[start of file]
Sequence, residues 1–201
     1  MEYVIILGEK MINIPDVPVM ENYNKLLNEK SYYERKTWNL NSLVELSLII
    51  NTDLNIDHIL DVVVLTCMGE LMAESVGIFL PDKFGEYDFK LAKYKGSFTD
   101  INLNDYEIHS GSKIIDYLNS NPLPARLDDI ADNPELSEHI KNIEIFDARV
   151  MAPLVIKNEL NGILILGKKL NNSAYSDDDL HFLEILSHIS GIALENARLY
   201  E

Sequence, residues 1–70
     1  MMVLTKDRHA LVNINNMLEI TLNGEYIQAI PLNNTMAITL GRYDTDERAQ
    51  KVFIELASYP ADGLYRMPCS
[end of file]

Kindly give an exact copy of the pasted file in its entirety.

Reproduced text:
Sequence, residues 1–201
     1  MEYVIILGEK MINIPDVPVM ENYNKLLNEK SYYERKTWNL NSLVELSLII
    51  NTDLNIDHIL DVVVLTCMGE LMAESVGIFL PDKFGEYDFK LAKYKGSFTD
   101  INLNDYEIHS GSKIIDYLNS NPLPARLDDI ADNPELSEHI KNIEIFDARV
   151  MAPLVIKNEL NGILILGKKL NNSAYSDDDL HFLEILSHIS GIALENARLY
   201  E

Sequence, residues 1–70
     1  MMVLTKDRHA LVNINNMLEI TLNGEYIQAI PLNNTMAITL GRYDTDERAQ
    51  KVFIELASYP ADGLYRMPCS